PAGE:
Mid-Century Office Space on Lincoln

Lincoln Avenue’s western reaches benefited from the same office construction boom in the early 1960s that blessed Peterson Avenue with so much great Mid-Century design. Between Western Avenue, and its intersection with Peterson, Lincoln holds quite a few fine examples of 1960s office design (in addition to its famed skeezy motels):

5700 Lincoln Avenue
Lincoln Avenue Mid-Century

Opened in 1962 as the headquarters of Liberty Federal Savings (then celebrating 75 years in business), this bank building is today home to a Charter One branch. It follows a common basic scheme for 1960s banks – a big wall of glass, with a double-height atrium behind it, and a mezzanine balcony above. A surprising amount of the original fixtures are still in place, including railings and check-writing stands.

Lincoln Avenue Mid-Century

Lincoln Avenue Mid-Century

Lincoln Avenue Mid-Century

5940 Lincoln Avenue
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This angular little building first appears in the Tribune classifieds in 1953. Today it houses a Christian Science Reading Room, and still has its original ceiling vents inside.

EDITED TO ADD: This was originally the Slick Chick Drive-In restaurant, open for about 10 years (it drops off the classifieds after 1962.) It was robbed in its first year by three teenagers. In 1965, it was converted to the CS Reading Room – so the interior likely dates to that year. Thanks to reader Brian W. for identifying the original occupant and their matchbook ad campaign (see here) which they shared with the motel next door.

Lincoln Avenue Mid-Century

5875 Lincoln Avenue – Lincoln Office Building
Lincoln Avenue Mid-Century

Comprising several sections, the Lincoln Office Building is dominated by a long International Style facade. This main portion went up in two parts, the second built in 1957 to the designs of architects Eugene A. Meyers & Associates. At the corner of Richmond and Lincoln, two other sections at 5865 Lincoln continue the building’s materials and style, in a different design.

Lincoln Avenue Mid-Century

Lincoln Avenue Mid-Century

5850 Lincoln Avenue – Simgreen Building
Lincoln Avenue Mid-Century

Following the same pattern as the bank building, this little office building includes a delightful tile mosaic in its lobby – as covered here.

5757 / 5765 Lincoln Avenue – The Executive North Building
Lincoln Avenue Mid-Century

A stylish International Style building in blue-black paneling, this building opened in 1961 and retains much of its original decor in the lobbies – stainless steel railings, geometric railing screens, and wood paneling.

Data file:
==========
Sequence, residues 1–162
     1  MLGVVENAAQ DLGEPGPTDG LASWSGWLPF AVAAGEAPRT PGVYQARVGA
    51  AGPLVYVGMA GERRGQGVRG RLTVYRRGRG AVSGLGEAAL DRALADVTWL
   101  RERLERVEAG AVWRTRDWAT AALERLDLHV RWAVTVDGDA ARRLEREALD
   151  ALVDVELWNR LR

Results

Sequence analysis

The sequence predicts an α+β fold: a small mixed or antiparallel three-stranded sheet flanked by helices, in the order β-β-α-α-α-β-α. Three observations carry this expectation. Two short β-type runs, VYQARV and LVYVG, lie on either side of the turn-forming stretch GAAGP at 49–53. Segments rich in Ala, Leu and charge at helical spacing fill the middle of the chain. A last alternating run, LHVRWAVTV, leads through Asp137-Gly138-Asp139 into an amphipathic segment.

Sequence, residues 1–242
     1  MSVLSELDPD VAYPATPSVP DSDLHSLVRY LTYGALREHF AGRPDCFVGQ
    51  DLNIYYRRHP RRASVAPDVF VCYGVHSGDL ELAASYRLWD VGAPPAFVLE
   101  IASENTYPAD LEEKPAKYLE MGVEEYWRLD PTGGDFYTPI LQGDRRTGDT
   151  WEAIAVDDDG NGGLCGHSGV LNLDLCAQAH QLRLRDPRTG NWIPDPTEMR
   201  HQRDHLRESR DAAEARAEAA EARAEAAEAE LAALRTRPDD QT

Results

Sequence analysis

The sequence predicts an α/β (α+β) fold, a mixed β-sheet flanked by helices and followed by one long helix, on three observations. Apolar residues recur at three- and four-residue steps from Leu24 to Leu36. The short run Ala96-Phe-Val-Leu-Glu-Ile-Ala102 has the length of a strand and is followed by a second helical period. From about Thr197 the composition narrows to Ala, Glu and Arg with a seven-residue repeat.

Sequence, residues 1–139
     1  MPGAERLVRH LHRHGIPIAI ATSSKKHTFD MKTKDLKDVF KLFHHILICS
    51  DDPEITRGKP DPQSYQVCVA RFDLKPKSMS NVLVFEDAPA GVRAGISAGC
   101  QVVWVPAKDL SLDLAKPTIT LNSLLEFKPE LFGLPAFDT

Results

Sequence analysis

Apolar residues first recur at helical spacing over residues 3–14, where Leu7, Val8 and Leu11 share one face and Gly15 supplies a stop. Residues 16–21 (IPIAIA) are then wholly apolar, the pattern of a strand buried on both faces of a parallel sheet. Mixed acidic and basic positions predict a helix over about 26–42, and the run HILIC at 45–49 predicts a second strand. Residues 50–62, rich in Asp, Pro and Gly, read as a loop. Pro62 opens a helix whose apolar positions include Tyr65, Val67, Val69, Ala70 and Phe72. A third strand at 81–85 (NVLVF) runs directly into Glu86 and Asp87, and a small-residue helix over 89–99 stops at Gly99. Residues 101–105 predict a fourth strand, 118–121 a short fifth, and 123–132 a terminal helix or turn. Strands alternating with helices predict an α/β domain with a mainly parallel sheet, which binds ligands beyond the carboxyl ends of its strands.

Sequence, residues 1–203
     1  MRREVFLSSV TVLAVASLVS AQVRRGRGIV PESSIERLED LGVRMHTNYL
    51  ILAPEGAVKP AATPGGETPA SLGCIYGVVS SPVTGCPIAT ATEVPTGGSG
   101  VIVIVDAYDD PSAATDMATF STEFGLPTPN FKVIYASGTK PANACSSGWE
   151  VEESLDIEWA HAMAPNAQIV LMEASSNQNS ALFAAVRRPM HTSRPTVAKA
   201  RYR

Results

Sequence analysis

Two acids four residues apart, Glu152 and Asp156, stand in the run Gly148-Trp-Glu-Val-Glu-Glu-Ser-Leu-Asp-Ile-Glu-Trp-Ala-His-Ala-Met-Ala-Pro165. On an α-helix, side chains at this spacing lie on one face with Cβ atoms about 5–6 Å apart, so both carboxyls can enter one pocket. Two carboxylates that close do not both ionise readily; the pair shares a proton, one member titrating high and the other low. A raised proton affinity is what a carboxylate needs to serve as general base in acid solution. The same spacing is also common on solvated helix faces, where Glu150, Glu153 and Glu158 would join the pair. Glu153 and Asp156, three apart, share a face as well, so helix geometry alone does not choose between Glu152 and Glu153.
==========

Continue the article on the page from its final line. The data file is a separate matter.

Lincoln Avenue Mid-Century

Lincoln Avenue Mid-Century

Lincoln Avenue Mid-Century

Lincoln Avenue Mid-Century

The nearby Stephen Tyng Mather High School is yet another Mid-Century complex, done entirely in white brick. Designed in 1957 by Loebl Schlossmann and Bennett, it appears to have had a small addition or two, but mostly remains as originally built.

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Peterson Ave MidCentury Architecture, Part 2

If you are a fan of 1950s and 1960s design, it is well worth your time to park your car on Peterson, just west of Western Avenue, and take a long walk west. You’ll find a variety of architectural gems, both quiet and prominent. Here are some of my favorites:

2440 W. Peterson Avenue

Currently, 2440 Peterson is home to Oral Surgery Associates. Like many buildings along this stretch of road, it has been home to dental practices since it  opened  in 1964.
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2440 is a plain brown brick  building with a wide open east-facing glass facade. Its primary point of interest is the startburst-shaped entry canopy which shelters much of the courtyard and intersects the front facade. The result is a cozy and intimate space – an  ideal setting for the rock garden that currently inhabits it.

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2518 W. Peterson Ave

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Previously Dental Touch.

The winning component on this tiny office building is the concrete screen that shields most of the front windows. This lacy double layer of thin blocks filters light and views, allowing privacy while maintaining connection to the outdoors.

Concrete pattern wall